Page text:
But as I did the research, I discovered that the business of being born is another infuriating way medical traditions and institutions – hospitals and insurance companies – actually discourage choice and even infringe on parents’ intimate rites, ultimately obstructing the powerful natural connection between mother and newborn child.”

I LOVED THIS VIDEO!  If you’re pregnant, you should watch it.  It’ll give you such a realistic preview of what healthy birth looks like, including all types of normal births from vaginal to breach to medically necessary c-section.  It was inspiring to the point of tears, and entirely real through and through.  Before you make your birth plan, watch “The Business of Being Born”!  

 

The Best Prep for a Non-Medicated Birth April 15, 2008

Many women desire to give birth without pain medication, or at least with as few heavy medications as possible.  How do you prepare yourself for that challenge?  What makes the difference between a woman who throws out her birth plan and gets that epidural and the one who manages her pain in the way she had hoped? 

For one, you have to realize that women feel contractions differently.  Some experience contractions as extremely painful, but others just feel tightness or almost nothing at all.  My friend Chihiro said she couldn’t even tell when she was contracting with her first baby, but with the second she experienced intense pain.  Prepare yourself by keeping an open mind to how easy or difficult the actual experience may be for you.  It’s completely unpredictable.

That said, countless women who experience intense pain during labor do manage to forgo medicating.  Now, I realize that a non-medicated birth isn’t for everyone, but if this is one of your goals here are some tips:

  1. Limit your exposure to medication opportunities.  Really.  If you don’t want to take drugs, try to avoid having them offered to you.  When you enter the labor room, personally tell the nurse that you prefer she NOT offer you medication.  Ask your birth partner to keep new nurses updated.  I heard of one woman who hung a “Don’t Offer Me Medication” sign on her labor room door.  Hey, it’s easier if you don’t have to say “no”.  If you really, consciously change your mind, I bet you’ll find the words to ask for that medication!
  2. Train your mind to think of birth positively.  Birth is an opportunity to bond with your mate, work hard for something worthwhile, experience the thrilling joy of success hard-won, and embrace that new baby for the first time.  Read LOTS of natural birth stories!  This is the most enjoyable and probably the most effective way to prepare for a natural, non-medicated birth.  Each time you expose yourself to stories of women who experienced birth like you desire, you set yourself up to approach birth with a positive, confident attitude.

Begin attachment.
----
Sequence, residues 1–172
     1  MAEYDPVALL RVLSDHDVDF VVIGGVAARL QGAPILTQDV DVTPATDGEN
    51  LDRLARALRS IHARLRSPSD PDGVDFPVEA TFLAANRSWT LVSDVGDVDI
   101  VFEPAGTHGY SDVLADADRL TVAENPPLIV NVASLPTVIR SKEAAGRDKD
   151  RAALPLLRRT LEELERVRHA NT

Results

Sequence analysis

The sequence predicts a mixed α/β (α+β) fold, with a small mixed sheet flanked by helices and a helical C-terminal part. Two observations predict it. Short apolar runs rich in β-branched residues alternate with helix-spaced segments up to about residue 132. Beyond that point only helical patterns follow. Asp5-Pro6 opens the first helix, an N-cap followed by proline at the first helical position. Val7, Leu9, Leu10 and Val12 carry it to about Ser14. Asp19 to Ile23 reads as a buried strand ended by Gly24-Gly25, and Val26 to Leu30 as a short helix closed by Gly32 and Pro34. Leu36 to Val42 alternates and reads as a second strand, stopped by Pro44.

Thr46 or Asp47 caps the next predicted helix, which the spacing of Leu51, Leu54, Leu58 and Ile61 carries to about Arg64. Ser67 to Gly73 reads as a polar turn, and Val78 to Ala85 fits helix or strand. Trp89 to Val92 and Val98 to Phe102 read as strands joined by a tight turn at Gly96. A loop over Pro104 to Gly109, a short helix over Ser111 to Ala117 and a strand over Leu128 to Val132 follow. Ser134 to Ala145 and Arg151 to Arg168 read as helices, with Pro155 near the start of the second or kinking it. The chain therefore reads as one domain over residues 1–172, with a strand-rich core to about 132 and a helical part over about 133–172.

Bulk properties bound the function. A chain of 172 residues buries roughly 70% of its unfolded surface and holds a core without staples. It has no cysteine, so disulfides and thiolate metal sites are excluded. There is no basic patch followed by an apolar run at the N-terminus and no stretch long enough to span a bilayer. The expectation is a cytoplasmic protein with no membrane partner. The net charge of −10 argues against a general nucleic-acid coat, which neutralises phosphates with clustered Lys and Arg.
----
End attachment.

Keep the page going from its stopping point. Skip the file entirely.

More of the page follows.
3. Prepare to be flexible.   Your birth will probably NOT go exactly as planned.  Maybe your contractions will stop temporarily. Maybe your doula will not make it.  Maybe your labor will drag on for over 24 hours.  Maybe you’ll go from 2 to 10 centimeters in an hour – who knows!!!  It’s great to have a plan, but be prepared to throw it out the window.  Spend some time imagining very different possibilities and how you would like to react.  No matter what happens, you can have a fulfilling birth experience if you keep your perspective positive and take control of your choices.  In birth you are not the victim or the patient, you are the mom.
  4. Gain access to alternative pain management options.  If you’re saying “no” to drugs, say “yes” to something else! Read, talk to other moms about what worked for them, and arrange for the services of a midwife or doula.  There is a rich culture of birthing aids from warm water to massage to visualizations that can make a huge difference in your perception of pain during labor.  Your labor nurse is very unlikely to be of help in this area.  You’ve got to proactively plan ahead to arm yourself with safe, effective labor tools.  Again, reading positive natural birth stories is an excellent way to fill your mind with pain management ideas. 

Bottom line: managing pain is 90% mental.  The difference between achieving your goal to birth without drugs and making a decision to medicate that you may regret is usually how prepared you are mentally.  Know that you can do this.  Focus on the positives and let every contraction bring you closer to holding that baby in your arms.

One great classic full of positive birth stories is Ina May Gaskin’s “Ina May’s Guide to Childbirth”.  You can also find a rich resource of birth stories at Mothering.com

Many blessings!